It would be wrong to say that David Cameron has had a bad Olympics. After all, the Games went extremely well, both in terms of logistics and Britain’s wonderful medal haul. The Prime Minister is not responsible for the bouncy mood of the country at the moment, but he’s also not having to answer aggressive questions from the media about an awful security breach, total gridlock in central London or worse.
But the Prime Minister did rather let himself down by being drawn into the inevitable debate about sports provision in the state education sector during the Games. That discussion started so early into Britain’s rise up the medal table that at the time it was impossible to assess whether state-educated athletes were pulling their weight. Even as the Games drew to a close, the Prime Minister and Education Secretary Michael Gove would have been wise to resist the probably rather satisfying attacks on the teaching unions and comments about ‘sort of Indian dancing‘. The latter was presumably an attempt by the Prime Minister to appear on the side of common sense, but instead it led to him being roundly mocked. There was even a rather mysterious bout of bhangra in the closing ceremony last night, which conspiracy theorists (and most of the lobby) suspected had been inserted last minute as a gibe at Cameron.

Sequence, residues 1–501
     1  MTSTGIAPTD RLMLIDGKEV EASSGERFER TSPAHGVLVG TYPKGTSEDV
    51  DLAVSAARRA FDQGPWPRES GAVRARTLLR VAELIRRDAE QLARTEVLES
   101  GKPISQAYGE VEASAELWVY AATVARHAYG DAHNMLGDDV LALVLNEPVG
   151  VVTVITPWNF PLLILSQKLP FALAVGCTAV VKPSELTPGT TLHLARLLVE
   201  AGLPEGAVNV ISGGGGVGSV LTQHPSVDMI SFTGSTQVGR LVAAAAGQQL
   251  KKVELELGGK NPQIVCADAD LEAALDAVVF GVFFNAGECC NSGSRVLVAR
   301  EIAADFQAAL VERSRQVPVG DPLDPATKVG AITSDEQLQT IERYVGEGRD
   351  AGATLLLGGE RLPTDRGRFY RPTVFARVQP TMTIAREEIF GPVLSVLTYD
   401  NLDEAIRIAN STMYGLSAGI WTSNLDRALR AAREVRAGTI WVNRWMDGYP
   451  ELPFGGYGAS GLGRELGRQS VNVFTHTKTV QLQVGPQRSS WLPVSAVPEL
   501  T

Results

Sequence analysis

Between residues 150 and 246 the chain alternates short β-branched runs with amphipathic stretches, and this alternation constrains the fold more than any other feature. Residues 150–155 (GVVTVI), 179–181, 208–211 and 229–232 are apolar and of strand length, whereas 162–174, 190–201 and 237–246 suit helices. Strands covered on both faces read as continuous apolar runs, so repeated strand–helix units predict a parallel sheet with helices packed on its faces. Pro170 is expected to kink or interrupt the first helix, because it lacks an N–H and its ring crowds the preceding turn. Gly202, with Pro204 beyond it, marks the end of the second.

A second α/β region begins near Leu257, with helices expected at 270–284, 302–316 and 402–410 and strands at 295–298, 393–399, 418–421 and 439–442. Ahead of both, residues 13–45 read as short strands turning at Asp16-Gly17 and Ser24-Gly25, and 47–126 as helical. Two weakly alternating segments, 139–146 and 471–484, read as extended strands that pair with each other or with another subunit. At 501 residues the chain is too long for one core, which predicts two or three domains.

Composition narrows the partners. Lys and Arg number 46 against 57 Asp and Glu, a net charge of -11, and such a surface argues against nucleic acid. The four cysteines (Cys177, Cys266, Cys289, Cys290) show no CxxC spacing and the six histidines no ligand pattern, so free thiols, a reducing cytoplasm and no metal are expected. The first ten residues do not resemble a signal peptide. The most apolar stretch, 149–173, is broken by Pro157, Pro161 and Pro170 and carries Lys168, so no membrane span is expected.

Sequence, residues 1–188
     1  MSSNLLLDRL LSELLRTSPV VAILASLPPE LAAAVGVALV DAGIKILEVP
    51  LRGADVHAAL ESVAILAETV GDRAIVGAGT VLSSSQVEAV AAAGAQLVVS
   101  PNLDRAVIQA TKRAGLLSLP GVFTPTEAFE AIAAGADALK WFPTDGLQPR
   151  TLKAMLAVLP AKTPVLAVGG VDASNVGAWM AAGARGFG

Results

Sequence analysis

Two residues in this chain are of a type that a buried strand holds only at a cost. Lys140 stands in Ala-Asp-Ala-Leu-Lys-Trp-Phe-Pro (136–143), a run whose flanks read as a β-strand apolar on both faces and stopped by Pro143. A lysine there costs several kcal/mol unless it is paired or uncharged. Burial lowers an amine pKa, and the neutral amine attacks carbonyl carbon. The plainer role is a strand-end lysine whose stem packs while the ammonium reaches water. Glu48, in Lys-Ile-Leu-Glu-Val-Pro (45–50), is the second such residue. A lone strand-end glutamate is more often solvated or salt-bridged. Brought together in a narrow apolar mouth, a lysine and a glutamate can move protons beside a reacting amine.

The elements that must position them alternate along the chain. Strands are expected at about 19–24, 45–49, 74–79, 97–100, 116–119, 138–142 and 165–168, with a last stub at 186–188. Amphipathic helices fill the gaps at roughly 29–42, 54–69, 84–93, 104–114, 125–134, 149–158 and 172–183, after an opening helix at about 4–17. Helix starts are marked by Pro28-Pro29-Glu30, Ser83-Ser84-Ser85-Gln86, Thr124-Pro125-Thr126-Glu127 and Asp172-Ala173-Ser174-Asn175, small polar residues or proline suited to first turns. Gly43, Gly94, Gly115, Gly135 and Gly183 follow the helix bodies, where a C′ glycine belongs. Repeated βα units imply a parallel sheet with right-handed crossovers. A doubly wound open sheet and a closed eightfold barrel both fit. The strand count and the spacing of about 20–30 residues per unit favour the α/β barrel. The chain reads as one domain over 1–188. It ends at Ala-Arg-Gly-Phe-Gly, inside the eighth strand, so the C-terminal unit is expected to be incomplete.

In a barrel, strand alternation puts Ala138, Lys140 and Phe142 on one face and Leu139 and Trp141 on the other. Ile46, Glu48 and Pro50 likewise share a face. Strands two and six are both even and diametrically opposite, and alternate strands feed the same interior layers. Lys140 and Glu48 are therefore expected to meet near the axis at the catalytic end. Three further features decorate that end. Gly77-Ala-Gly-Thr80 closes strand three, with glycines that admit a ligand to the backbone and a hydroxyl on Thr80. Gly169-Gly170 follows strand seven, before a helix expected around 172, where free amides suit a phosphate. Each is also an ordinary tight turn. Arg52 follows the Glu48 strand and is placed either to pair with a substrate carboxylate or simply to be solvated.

This has left rather a nice gap for Labour to step into. By calling for a cross-party plan on competitive sports in schools, Ed Miliband and Tessa Jowell managed to suggest that they were above party politics on this issue. Today Shadow Education Secretary Stephen Twigg has made sensible noises about devolving power to local communities so they can decide whether their local free school or academy is under performing in its sports provision. Twigg also pointed out that this weekend’s announcement that competitive team sports will be made compulsory for all primary-age children does not apply to academies and free schools, and said Labour would amend funding rules to ensure that it did. Whether or not you agree with that depends on whether you think the government should be dictating the curriculum to schools (and Fraser has looked at this in more detail here). But by sticking to policy details rather than slightly dodgy anecdotes about dancing, Miliband’s party has gained the upper hand.Tags: Olympics, Schools, Sport, UK politics